Always around

It’s been way, way too long since I’ve spent any time on this little blog. It’s been a rather busy time around here, with the start of school. Two new schools and a long drive to and fro (the schools to which my kids are zoned correspond with our new house’s location and not the location of the temporary house we’re crashed in while the building proceeds at a snail’s pace) makes for a rather truncated day. Couple that with the fact that high school and middle school start and end on rather opposite schedules (he starts early, she starts late), and I’m in the car a lot. A whole lot.

To those sweet souls who have inquired about whether I’m done blogging, here’s the answer. I’d speculate that I’ll be done blogging as soon as I’m “done” with cancer. Which will be never.

While it’s true I don’t have the “everyday” cancer to deal with anymore, it’s still around. Always around. I’ve moved past the “everyday” cancer — surgery, recovery, wound care, infection fallout, constant doctors’ appointments, sorting through mountains of medical bills, battling insurance, researching treatment pros & cons, yadda yadda — but it’s still around.

Case in point: minding my own business at a red light yesterday making yet another run to or from one of my kids’ schools and I glanced at the car next to me. On the back windshield is a HUGE pink ribbon sticker. I mean HUGE. It took up enough space to make me wonder how the driver sees out that window. And bam! cancer is in my face. I wasn’t thinking about anything cancer-related, yet there it is, always ready to insert itself into daily life. While I recognize the intent behind those who put pink ribbon stickers and magnetic decals on their cars, I don’t know that I will ever get used to the insidious power the dreaded disease has to permeate every aspect of life, even years down the road.

Another example: I overheard a conversation between two ladies at the gym about a mutual friend of theirs undergoing her third lumpectomy. Third. On the same breast. Again, I was minding my own business, sweating like a pro wrestler and sucking wind while I finished up my cardio. As I plucked my earbuds out of my ears, what do I hear over the sound of my own heavy breathing as my heart is pumping and my lungs are expanding and my muscles are burning and my brow is dripping? Cancer. More cancer.

I resisted the urge to insert myself into the conversation and tell those ladies to advise their friend to skip that THIRD lumpectomy on the SAME BREAST and instead strap on her battle gear because this beast is determined to take up residence in her. Cancer is very rude that way. Uninvited, unwanted. Always around. thing

 

 

 

 


11 Comments on “Always around”

  1. Eddie says:

    I think I have a small inkling of what you are talking about and that’s enough. I wish there were some way to blind you to the reminders. I know it’s too much to ask that you never had cancer, but surely you deserve a bit of amnesia so you don’t have to relive the horror on a random Wednesday in the carpool lane.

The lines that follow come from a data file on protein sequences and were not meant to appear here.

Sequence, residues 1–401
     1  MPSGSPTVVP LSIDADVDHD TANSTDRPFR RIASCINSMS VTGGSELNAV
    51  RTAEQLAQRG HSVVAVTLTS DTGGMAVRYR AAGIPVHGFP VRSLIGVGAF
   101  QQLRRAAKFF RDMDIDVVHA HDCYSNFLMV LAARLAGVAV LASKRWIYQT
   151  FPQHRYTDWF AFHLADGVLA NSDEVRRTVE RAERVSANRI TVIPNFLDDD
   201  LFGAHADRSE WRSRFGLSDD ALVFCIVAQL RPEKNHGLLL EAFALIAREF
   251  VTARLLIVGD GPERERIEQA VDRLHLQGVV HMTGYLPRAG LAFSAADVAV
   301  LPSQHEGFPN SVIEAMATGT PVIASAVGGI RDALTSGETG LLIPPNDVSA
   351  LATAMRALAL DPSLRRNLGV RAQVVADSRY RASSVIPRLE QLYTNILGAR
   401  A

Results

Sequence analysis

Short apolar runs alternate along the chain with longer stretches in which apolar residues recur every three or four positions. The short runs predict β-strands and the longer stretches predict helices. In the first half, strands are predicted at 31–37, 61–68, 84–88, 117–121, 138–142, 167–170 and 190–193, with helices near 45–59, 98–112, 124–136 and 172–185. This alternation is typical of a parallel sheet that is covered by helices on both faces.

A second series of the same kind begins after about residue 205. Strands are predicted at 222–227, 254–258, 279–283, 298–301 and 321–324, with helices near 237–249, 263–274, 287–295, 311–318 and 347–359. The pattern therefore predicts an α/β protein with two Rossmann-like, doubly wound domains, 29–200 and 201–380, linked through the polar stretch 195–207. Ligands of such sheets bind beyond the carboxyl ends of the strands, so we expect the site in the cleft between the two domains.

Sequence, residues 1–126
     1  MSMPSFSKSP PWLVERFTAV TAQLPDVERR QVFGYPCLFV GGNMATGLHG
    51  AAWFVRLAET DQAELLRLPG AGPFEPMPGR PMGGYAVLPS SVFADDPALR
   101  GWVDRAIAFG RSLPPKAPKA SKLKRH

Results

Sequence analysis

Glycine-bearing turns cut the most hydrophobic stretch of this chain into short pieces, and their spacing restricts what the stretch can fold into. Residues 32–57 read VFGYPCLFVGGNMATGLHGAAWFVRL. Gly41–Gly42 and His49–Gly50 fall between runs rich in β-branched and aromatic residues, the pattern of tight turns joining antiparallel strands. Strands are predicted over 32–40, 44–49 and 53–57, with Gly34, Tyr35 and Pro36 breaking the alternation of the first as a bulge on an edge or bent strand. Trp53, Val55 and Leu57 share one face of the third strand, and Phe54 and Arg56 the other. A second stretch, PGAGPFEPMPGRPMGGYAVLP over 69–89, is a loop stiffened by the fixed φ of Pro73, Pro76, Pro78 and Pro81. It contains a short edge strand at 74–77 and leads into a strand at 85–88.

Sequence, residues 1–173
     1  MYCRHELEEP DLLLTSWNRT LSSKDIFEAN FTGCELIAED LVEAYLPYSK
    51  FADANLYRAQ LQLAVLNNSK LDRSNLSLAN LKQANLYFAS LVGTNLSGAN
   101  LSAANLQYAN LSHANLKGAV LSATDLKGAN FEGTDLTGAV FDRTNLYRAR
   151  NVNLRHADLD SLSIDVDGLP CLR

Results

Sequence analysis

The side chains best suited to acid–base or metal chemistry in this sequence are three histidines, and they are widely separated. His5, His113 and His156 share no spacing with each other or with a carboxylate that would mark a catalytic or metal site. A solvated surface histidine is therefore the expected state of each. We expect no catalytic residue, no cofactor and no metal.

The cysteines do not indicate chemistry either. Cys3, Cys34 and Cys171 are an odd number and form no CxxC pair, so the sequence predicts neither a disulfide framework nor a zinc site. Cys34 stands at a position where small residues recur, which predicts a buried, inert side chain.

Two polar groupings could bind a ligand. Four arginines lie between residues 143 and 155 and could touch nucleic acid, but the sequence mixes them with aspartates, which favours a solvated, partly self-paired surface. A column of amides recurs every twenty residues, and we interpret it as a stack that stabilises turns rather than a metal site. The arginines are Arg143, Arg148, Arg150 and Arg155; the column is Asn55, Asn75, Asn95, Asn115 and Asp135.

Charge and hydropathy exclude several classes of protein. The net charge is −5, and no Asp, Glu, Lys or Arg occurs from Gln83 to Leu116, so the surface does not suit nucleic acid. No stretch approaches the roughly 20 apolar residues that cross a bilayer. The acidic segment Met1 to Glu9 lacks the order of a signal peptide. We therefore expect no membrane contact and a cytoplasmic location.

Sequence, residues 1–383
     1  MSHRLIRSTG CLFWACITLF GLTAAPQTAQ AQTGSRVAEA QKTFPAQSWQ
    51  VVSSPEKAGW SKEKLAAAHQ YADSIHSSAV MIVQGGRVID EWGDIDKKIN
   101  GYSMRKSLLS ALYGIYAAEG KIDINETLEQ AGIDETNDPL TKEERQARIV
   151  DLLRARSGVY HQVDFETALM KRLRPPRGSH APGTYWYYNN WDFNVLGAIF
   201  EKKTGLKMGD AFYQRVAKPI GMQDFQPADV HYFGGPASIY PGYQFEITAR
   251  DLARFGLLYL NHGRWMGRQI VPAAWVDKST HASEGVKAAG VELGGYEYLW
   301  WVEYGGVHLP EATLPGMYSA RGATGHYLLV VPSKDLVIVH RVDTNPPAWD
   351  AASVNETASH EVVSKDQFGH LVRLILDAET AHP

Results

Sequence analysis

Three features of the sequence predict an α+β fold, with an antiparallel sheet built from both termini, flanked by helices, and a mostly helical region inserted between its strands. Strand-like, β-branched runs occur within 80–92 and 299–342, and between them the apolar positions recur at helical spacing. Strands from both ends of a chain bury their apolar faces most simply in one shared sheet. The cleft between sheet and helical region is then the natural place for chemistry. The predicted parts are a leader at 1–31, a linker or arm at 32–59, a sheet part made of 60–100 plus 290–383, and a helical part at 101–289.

2. David Benbow says:

    I’m glad you’re blogging, but I’d rather you were “done”. Maybe you could do a couple of posts on the progress of the new house. I’m excited for your family as you transition into your new digs. Hang in there.

  3. Susan says:

    My aunt died of breast cancer when I was in college. My uncle eventually remarried, and just found out yesterday his new wife has breast cancer. I hate this disease.

    • Renn says:

      Susan, I can relate. My husband’s first wife died of breast cancer. A few years later, he remarried me. Two-and-a-half years into our marriage, I was diagnosed with breast cancer. I actually thought I was immune because, how could 1 man end up with 2 wives with breast cancer? Turns out, his chances we close to 50%. But here’s the good news: Your uncle has vast knowledge and experience and will (I am betting) be a great asset to his new wife as she embarks on this detour. {{{hugs}}} all around and sorry to hijack Pink’s blog post here!

  4. gozzygirl says:

    I know what you mean. Watching my mother-in-law slowly die from cancer of unknown primary origin (CUP) brings up fears of recurrence for me. It has robbed her of any dignity. She is as stubborn in dying as she was in living. Cancer was always out there, but until it affected me personally, I don’t think I gave it a second thought.

  5. Caroline says:

    Yup, its the thing that wouldn’t leave. 32 years and counting for me.

  6. flo says:

    Happy to see you back in the blogosphere:)
    http://www.perksofcancer.com

  7. Renn says:

    I agree, cancer is always around. Especially in the back of my mind, where it pops in and out to haunt and taunt me.

    So happy to see you back blogging!

  8. Great post. I was just thinking about this in a similar vein for me and my health journey.

  9. […] back to The Pink Underbelly – she hasn’t gone away And a warm welcome back too to Yvonne of Coke Floats and […]

  10. Mandi says:

    I was considering taking a 30 day challenge where I try not to say the word “cancer” for 30 days. Not sure if I could do it… but I really might try it out.🙂


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